That woman--Catherine Deveny--is poisonous. Following an Archepiscopal telling off for her last foray into the subject of religion, she has thrown the fat into the fire with this rather nasty little diatribe.
She could hardly be more offensive if she tried to be. Do we really need to know what she would be willing to do on the consecrated altar of a church? And is this really journalism? Why did the editor of The Age feel justified in giving it column space? Is the article particularly insightful? No. Is it funny? No. Is Ms Deveny (as Jane Austen would say) "a person of information"? No. So what is the point of printing it? Maybe if Ms Deveny wants to write this sort of stuff she should start a blog. I don't pay my $1.50 each day to read this garbage.
But, let's cut her some slack. Perhaps Catherine Deveny is more sinned against than sinning, more "poisoned" than "poisonous". Judging by what she has written in both columns, she has not had a particularly positive experience of the Catholic religion. There could be anyone to blame for that--her parents, her priests, her school teachers, some nun somewhere--even (contra Monty Python) the Romans. It just goes to show that when we are in the business of evangelising (ie. telling the GOOD news) we sometimes (as a Church) are far better at communicating BAD news. And that's really tragic.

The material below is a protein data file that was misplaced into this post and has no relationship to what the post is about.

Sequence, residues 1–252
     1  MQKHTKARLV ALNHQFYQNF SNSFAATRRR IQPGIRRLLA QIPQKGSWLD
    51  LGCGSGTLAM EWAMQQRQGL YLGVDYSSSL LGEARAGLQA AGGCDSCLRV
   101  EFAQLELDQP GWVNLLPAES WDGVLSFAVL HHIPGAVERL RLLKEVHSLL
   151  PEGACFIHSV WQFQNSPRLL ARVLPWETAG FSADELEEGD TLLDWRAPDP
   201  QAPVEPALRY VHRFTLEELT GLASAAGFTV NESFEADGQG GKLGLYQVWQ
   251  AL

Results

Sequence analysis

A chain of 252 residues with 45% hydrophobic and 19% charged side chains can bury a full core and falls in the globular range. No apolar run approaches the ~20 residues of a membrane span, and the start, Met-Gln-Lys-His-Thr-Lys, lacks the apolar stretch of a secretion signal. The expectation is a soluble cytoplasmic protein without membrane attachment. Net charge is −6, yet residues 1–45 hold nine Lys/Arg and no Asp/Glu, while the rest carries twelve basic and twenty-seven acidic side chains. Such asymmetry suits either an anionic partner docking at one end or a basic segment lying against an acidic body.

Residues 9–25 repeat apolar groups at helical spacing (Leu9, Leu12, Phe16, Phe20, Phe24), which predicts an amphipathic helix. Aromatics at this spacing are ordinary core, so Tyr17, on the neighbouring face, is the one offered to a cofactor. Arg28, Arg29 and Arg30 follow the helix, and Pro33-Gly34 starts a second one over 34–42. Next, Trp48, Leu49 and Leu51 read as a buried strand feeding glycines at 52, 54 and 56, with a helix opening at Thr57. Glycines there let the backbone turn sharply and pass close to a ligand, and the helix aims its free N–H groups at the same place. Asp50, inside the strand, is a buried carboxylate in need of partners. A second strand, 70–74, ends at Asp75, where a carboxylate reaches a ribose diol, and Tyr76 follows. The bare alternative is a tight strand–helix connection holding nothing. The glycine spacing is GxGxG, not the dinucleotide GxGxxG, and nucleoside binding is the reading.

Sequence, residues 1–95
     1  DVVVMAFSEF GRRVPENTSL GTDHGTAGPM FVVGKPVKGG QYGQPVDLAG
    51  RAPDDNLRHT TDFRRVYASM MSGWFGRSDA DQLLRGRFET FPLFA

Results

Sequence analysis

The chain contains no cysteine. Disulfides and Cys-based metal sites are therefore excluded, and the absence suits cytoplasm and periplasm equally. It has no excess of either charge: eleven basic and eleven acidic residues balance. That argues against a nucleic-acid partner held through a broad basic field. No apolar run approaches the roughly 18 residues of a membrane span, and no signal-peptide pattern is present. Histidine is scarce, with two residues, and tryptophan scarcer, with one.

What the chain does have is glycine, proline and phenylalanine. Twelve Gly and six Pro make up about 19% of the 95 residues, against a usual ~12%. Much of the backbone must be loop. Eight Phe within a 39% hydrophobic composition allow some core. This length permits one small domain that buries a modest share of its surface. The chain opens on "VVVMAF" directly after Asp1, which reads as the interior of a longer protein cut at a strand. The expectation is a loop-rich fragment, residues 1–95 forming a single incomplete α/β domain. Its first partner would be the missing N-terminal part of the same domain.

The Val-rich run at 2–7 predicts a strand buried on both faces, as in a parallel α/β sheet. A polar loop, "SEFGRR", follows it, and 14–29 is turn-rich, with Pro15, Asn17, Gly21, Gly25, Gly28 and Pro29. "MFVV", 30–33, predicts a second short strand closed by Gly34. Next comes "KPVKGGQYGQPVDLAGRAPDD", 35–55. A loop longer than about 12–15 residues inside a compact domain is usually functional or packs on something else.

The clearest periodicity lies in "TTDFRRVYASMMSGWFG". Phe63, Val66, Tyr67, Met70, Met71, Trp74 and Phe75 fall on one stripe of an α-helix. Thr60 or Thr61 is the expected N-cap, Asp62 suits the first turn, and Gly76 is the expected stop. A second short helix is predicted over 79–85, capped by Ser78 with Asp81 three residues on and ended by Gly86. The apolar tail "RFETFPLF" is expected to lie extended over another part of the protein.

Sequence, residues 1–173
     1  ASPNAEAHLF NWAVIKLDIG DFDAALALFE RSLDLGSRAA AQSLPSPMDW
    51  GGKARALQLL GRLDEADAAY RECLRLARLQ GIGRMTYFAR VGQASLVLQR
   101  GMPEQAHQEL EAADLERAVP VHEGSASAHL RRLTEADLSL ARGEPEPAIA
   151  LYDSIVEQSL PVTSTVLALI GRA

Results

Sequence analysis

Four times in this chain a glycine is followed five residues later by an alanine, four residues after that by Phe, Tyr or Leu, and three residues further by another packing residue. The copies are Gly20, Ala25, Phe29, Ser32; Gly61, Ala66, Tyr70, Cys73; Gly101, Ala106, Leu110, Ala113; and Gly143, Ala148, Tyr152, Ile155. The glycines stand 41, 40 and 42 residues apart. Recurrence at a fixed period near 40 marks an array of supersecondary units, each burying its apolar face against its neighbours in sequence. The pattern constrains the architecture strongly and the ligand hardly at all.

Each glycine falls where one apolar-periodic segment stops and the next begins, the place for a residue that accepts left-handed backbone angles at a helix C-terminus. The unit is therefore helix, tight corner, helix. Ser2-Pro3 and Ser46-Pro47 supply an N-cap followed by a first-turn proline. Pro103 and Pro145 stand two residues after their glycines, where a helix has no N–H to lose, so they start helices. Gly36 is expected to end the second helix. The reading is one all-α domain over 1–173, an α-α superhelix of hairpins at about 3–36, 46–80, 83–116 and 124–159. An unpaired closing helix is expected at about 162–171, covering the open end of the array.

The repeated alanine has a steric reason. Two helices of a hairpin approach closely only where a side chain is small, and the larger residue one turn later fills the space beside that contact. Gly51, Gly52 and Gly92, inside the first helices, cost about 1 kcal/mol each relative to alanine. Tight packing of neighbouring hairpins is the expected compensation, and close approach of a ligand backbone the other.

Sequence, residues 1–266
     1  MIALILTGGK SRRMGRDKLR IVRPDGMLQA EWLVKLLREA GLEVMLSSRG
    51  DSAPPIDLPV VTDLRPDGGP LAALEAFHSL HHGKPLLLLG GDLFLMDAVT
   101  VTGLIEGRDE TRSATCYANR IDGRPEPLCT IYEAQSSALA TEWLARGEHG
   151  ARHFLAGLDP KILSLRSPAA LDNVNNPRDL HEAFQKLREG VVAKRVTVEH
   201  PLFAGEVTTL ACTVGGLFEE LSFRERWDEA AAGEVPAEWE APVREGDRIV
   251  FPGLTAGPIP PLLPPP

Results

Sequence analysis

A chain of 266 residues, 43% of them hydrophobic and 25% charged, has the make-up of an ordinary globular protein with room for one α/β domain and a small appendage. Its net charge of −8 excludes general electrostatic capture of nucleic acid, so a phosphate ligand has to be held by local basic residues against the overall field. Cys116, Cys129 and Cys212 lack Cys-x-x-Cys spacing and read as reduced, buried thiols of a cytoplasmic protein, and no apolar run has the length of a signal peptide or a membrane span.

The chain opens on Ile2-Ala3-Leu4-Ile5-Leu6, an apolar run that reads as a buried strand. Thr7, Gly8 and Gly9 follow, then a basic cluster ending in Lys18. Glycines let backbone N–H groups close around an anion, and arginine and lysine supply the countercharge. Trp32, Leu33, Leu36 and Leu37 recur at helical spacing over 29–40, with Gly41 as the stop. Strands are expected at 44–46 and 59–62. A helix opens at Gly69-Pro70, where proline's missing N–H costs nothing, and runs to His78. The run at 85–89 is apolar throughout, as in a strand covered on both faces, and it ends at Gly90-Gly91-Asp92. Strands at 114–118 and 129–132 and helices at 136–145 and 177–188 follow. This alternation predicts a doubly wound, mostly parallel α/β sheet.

It would have been nice if she had, for instance, been given some decent biblical catechesis as a youngster, and then she would know a) how to read the infancy narratives of the Gospels, and b) how to read the legal codes of the Torah. It would also have been nice if, when she asked her priest why they didn't have altar girls in their parish, he had shown her some respect and at least attempted an explanation. After all, people don't respect institutions that don't respect them.